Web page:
U.S. Energy Savings Plans

U.S. Energy Savings Plans

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U.S. Energy Savings currently has no electricity plans available

U.S. Energy Savings Rates

U.S. Energy Savings has no electricity rates available. Their lowest rate is currently N/A, and their highest rate is N/A.

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U.S. Energy Savings currently has no electricity rates available

Fixed Rate Plans

Term plans require a contract, usually between 6 and 24 months, and may require a deposit. Once you sign that contract, your plan's price will not change, but your average rate may vary depending on your usage and TDSP fees. If you decide to exit your contract, you will most likely be charged an early termination fee.

Bundled Rate Plans

Bundled rate plans usually require a contract and are the most predictable of all the plan types. As long as there are no base charges, your average rate will not change, regardless of how much you use. This is because the TDSP fees that are usually passed through to you are already rolled into the energy rate charged by your electric company.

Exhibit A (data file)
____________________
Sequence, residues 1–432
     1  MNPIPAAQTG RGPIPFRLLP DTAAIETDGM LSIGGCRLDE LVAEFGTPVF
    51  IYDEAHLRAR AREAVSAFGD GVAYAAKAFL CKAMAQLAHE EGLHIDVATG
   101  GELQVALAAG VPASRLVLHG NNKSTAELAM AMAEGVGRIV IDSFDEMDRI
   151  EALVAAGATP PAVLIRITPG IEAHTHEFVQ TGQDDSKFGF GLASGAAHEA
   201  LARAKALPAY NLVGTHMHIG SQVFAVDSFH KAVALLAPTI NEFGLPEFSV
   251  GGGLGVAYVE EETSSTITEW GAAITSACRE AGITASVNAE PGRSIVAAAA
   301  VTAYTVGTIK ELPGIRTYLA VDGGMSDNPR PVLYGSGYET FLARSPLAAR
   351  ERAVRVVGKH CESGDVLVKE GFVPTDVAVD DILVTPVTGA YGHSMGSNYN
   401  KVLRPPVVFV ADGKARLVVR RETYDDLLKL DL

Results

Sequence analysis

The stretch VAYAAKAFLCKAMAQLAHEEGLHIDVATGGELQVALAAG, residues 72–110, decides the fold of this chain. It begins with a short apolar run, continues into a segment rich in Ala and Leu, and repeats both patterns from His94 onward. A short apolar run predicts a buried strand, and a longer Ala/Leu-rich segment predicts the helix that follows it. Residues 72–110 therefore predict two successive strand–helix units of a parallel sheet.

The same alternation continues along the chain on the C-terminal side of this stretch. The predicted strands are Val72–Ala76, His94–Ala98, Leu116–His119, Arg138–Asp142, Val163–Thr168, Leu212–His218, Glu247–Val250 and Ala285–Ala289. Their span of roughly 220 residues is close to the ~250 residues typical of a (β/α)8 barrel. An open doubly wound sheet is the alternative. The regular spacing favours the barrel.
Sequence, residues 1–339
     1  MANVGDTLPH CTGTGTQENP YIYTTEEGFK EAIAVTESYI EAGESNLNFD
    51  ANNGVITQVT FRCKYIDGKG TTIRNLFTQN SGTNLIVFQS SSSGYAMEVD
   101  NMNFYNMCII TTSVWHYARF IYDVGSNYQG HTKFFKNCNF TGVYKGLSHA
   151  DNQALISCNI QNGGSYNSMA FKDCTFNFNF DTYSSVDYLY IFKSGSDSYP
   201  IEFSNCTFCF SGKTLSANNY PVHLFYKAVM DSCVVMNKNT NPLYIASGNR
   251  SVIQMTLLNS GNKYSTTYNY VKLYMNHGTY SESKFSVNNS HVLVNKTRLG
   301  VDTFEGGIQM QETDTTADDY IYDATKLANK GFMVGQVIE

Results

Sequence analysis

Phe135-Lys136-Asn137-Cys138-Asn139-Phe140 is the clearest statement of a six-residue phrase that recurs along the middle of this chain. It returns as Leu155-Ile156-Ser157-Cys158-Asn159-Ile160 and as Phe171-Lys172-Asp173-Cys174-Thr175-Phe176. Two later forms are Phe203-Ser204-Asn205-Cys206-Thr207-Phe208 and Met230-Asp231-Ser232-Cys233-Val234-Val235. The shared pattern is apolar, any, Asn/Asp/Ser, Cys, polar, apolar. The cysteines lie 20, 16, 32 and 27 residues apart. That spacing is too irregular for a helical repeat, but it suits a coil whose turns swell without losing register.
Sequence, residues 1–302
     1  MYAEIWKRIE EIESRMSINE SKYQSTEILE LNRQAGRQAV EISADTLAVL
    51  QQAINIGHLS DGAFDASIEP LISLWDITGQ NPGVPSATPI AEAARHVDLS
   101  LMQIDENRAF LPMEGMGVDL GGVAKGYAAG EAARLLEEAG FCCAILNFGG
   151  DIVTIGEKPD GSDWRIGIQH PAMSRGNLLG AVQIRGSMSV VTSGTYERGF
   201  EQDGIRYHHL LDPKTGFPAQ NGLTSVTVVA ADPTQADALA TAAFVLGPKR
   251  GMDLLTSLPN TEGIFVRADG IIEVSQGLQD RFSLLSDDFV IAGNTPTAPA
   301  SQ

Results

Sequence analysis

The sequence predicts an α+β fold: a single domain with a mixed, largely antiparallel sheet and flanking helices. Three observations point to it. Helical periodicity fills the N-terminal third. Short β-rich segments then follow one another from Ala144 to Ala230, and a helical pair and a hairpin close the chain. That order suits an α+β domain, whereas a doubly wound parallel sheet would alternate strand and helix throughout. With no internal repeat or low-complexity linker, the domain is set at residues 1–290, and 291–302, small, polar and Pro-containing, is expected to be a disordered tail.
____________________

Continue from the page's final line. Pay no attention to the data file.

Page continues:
Month-to-Month Plans

Month-to-month plans (usually) do not require a deposit and do not have early termination fees. Each month your rate will change depending on what the market rate is. During summer, when usage is at it's peak, you can end up paying more than 20¢/kWh if you are on a month-to-month plan.

Pre-Paid Plans

Pre-paid plans don't require a deposit or a credit check, though you will have to add funds to your account prior to activation. As you use electricity, your funds will deplete, and companies usually require a minimum blance of at least $20. If your balance falls below their minimum, you could be subject to higher rates or extra fees.

Tiered Plans

Tiered rate plans can be tricky. Your actual rate can vary widely depending on the price structure and how much electricity you use. Sometimes these plans have high base charges and low usage charges. Other times your rate will be 10¢ for the first 1,000 kWh and 5¢ for the next 1,000, and then bump up to 15¢ for any remainder. You really need to read the EFL.
Example Bill